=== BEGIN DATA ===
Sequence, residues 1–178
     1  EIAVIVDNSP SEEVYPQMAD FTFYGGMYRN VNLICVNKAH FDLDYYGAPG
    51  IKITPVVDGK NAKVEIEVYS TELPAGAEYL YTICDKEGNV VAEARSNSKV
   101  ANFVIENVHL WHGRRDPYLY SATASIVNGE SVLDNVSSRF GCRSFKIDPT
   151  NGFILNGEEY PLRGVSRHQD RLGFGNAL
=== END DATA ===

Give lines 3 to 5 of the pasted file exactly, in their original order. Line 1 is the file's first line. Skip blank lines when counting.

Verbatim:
    51  IKITPVVDGK NAKVEIEVYS TELPAGAEYL YTICDKEGNV VAEARSNSKV
   101  ANFVIENVHL WHGRRDPYLY SATASIVNGE SVLDNVSSRF GCRSFKIDPT
   151  NGFILNGEEY PLRGVSRHQD RLGFGNAL